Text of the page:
Pacific Stars and Stripes, Dec. 23, 1952
By Al Kaff
SEOUL, Dec. 23 (UP) – An Oklahoma fireman and the
former mayor of an Oklahoma town put their heads together and came up
with one of the biggest Christmas presents ever seen in Seoul. It weights
10 tons—10 tons of overcoats, wool suits, heavy dresses, mufflers, shoes,
“IT WAS ONE of the biggest single donations ever
given to our people,” a Seoul city official said. The thousands of
pieces of clothing will be distributed on Christmas Eve to the Korean
people now facing another cold winter in their war-wrecked homeland.
“Smitty wanted the clothes handed out the day before
Christmas,” said Capt. Able L. Waham, former fire marshal of Ponca City,
Okla., and now fire marshal for the Seoul Area Command. Smitty is Herman
J. Smith, owner of a Ponca City clothing store and mayor of his town
when Washam was fighting fires there. “The city officials had a little
argument over whether it should be Christmas Eve or New Year’s Day,”
Washam said. Only the few Christians in Korea celebrated Christmas
as a special holiday throughout the peninsula.
Seoul Mayor Tai Sun Kim overruled his advisers and
set Christmas Eve as the time to distribute the tons of good will from
the small oil-refining town. “The clothes were sent to us in the spirit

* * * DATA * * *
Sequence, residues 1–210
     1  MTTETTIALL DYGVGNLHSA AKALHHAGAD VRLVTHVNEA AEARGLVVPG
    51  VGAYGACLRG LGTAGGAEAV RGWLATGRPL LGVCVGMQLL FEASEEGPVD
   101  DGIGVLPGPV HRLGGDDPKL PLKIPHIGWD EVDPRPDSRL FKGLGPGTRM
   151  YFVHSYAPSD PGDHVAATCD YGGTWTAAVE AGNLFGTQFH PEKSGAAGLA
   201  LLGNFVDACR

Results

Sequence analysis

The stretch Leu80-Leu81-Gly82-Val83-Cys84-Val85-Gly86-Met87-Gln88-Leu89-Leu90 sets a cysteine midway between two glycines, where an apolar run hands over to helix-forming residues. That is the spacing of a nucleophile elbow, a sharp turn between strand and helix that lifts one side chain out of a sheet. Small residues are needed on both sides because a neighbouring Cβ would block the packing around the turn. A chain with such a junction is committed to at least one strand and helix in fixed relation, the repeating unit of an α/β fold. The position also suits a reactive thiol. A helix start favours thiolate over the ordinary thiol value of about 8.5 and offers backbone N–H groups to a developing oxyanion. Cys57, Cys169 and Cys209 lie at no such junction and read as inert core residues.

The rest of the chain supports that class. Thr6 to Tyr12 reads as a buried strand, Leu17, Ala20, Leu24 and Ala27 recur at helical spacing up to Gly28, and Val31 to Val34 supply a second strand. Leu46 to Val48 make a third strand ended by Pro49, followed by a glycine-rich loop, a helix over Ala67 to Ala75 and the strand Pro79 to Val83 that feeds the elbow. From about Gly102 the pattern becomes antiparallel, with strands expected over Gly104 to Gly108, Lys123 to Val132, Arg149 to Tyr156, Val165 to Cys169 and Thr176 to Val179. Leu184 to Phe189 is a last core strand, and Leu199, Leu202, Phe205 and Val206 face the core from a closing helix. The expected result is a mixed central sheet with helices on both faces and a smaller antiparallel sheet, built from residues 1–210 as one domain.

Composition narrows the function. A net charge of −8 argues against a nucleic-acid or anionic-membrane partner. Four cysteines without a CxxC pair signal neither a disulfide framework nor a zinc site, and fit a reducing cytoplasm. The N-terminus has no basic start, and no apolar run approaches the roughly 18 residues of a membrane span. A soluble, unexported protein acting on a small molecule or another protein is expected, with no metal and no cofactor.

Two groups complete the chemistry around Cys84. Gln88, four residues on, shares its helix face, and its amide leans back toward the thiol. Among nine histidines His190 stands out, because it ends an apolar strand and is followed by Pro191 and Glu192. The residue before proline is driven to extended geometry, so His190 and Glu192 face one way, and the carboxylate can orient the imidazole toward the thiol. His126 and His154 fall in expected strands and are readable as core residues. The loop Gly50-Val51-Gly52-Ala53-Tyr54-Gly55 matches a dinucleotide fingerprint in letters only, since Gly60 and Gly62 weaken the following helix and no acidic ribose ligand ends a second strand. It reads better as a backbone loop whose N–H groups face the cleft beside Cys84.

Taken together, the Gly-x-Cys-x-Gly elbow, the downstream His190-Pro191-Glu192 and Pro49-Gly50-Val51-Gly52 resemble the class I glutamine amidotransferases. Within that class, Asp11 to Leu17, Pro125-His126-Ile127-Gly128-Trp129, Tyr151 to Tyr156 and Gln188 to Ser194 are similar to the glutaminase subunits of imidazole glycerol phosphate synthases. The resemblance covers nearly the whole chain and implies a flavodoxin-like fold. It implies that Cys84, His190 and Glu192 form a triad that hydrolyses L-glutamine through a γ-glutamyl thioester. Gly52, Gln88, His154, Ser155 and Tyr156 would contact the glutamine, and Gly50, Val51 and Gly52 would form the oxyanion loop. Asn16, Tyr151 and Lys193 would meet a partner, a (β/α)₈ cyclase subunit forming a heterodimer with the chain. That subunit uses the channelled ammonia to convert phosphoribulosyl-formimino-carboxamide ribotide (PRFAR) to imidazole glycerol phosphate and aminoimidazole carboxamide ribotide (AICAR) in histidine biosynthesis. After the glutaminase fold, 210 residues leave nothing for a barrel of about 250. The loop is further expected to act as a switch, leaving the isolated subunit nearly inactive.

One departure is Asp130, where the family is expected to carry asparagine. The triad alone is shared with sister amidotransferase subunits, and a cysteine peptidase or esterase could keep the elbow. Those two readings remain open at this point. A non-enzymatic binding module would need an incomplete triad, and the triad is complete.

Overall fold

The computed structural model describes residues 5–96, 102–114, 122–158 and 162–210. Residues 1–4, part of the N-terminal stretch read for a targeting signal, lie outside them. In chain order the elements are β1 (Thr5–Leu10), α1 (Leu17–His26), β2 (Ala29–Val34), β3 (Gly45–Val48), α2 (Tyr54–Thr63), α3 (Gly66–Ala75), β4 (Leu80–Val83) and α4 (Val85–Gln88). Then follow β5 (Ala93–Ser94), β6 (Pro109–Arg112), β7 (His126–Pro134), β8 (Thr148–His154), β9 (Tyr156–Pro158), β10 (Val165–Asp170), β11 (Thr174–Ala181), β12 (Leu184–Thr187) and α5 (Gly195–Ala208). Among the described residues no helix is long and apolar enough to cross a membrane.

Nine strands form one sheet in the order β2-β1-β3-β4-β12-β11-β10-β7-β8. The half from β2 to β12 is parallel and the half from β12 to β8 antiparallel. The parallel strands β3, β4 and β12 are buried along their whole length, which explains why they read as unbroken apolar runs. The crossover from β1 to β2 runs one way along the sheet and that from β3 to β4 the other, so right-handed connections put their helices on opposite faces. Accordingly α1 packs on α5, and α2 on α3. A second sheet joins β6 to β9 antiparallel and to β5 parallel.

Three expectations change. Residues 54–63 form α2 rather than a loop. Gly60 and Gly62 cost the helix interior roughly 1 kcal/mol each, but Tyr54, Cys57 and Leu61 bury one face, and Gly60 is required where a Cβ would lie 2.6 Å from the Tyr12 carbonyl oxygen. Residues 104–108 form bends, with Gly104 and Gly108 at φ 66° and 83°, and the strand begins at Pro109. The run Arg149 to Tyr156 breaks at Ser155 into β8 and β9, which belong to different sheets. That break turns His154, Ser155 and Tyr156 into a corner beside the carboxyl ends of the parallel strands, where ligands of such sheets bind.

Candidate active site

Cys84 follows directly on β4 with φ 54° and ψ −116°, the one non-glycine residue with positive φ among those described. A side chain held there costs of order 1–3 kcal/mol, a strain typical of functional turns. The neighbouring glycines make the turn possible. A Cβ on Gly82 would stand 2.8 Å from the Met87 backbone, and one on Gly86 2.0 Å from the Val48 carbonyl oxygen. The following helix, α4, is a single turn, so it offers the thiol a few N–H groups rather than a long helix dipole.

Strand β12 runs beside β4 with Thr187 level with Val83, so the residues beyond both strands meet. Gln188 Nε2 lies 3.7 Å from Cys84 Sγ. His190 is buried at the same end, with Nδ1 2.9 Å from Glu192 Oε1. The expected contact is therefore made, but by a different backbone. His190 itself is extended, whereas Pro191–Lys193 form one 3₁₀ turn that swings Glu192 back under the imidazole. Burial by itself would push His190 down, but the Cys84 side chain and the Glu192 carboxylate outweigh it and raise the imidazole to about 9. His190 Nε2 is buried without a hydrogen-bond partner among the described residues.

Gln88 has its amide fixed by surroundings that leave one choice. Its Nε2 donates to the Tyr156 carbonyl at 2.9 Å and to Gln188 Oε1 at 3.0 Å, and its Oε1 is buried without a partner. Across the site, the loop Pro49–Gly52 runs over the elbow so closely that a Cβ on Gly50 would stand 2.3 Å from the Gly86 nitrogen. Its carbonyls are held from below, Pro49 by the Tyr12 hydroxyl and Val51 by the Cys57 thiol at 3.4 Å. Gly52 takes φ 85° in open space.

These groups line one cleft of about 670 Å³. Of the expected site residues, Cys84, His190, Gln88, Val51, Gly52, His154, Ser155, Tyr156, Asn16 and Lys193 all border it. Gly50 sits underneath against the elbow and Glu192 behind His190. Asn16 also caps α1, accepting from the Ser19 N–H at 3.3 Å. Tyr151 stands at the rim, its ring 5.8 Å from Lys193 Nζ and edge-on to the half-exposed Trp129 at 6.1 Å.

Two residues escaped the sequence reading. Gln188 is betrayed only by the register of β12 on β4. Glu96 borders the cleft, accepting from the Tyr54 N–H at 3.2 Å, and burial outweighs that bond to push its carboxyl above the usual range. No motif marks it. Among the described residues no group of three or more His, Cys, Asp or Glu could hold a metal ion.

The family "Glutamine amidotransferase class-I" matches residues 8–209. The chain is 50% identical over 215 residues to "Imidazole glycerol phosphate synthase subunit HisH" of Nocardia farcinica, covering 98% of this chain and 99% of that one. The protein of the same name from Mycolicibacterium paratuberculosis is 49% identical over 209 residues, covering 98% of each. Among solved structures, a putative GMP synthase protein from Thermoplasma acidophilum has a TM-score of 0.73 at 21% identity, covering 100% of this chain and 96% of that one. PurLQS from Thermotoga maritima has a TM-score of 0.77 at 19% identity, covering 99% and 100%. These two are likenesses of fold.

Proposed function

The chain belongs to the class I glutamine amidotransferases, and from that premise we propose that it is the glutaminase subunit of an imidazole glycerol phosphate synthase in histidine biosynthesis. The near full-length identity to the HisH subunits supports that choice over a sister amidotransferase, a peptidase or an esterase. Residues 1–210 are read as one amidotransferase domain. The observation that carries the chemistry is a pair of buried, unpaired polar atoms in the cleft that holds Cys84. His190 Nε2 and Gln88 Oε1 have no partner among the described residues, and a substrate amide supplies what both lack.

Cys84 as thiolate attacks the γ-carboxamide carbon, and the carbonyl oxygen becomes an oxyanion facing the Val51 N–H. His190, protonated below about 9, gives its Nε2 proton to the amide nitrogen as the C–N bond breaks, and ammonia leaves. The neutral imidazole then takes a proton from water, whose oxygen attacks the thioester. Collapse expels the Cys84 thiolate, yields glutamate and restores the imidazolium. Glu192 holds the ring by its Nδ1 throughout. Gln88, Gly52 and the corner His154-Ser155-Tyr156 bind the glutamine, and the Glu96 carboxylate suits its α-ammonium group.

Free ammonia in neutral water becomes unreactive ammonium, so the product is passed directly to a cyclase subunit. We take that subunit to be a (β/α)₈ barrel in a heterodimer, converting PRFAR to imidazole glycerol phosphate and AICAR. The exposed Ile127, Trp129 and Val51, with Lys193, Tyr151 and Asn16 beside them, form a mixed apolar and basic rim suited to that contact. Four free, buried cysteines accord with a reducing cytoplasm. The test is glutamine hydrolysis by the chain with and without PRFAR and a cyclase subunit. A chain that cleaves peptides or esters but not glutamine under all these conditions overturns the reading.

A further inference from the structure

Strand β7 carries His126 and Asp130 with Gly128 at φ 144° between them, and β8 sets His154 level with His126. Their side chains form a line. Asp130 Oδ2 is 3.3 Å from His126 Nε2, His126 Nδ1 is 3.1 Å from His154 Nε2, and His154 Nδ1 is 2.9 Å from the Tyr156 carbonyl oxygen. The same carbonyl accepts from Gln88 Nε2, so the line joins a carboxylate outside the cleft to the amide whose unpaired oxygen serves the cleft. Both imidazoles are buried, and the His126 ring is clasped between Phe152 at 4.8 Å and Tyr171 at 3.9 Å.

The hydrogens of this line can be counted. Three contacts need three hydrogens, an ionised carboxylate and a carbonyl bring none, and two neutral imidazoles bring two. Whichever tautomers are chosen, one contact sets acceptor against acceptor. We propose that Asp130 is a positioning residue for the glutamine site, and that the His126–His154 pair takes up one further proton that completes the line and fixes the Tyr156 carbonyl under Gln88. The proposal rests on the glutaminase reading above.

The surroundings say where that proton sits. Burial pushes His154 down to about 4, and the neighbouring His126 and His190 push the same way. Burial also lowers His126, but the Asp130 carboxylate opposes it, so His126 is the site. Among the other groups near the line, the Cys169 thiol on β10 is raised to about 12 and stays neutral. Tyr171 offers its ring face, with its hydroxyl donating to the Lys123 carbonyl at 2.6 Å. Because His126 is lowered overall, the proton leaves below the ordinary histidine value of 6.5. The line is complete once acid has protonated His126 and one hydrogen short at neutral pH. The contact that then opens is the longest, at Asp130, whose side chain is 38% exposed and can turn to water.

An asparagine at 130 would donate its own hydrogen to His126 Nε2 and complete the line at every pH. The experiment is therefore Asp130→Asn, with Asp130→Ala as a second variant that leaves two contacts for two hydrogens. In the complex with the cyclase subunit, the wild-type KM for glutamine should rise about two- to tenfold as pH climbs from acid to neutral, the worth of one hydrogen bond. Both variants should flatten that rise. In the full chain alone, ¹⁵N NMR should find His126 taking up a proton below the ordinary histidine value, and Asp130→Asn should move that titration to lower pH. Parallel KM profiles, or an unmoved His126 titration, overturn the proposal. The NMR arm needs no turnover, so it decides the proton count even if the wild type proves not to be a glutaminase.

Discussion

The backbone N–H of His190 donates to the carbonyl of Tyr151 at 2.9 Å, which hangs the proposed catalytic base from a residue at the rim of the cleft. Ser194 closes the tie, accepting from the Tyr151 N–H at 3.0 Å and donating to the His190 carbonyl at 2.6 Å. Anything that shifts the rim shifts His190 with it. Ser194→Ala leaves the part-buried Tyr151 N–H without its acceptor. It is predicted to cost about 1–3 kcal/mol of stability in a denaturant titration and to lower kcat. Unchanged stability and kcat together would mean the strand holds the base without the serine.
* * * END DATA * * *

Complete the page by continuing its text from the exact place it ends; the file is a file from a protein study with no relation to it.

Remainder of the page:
of Christmas,” Mayor Tai said, “so we will hand them out on the day
before Christmas. We appreciate very much what the Oklahoma people
have done for us,” the mayor said. “We need clothes here badly. Most
of the people have come back from southern refugee camps and they have
lost all their possessions.”
A TRAFFIC ACCIDENT near Seoul last summer started
Ponca City’s mammoth drive for clothes for Korea. Washam explained:
“I found a child on the road who had been hit by a truck. I put her
in my jeep and drove her to a Korean orphanage where they had a hospital.
The kids there were naked. They didn’t have a stitch of clothing.
I wrote my wife about it and asked her if she could pick up a few clothes
from friends and send them over to me.
Mrs. Washam remembered that Smith, who was with
the Fifth Air Force in Korea last winter, had given away odds and ends
from his clothing store to suffering civilians in Seoul. When Mrs.
Washam told Smith what her husband wanted to do, the clothing merchant
alerted the entire town of Ponca City. Churches, civic groups, schools,
parent-teachers associations, and social clubs pledged their support.
NEIGHBORING communities—Blackwell, Newkirk, and Fairfax—joined
the drive. Most of the clothes they collected are still en route to
“I’ve received 20 big bread boxes (full of clothing)
and the rest should be here soon,” Washam said. “But we’ve got enough
now to go a long way on Christmas Eve.” Washam has turned the clothes
over to Mayor Tai, and the Seoul welfare department is making a survey
to determine the most needy people to receive them.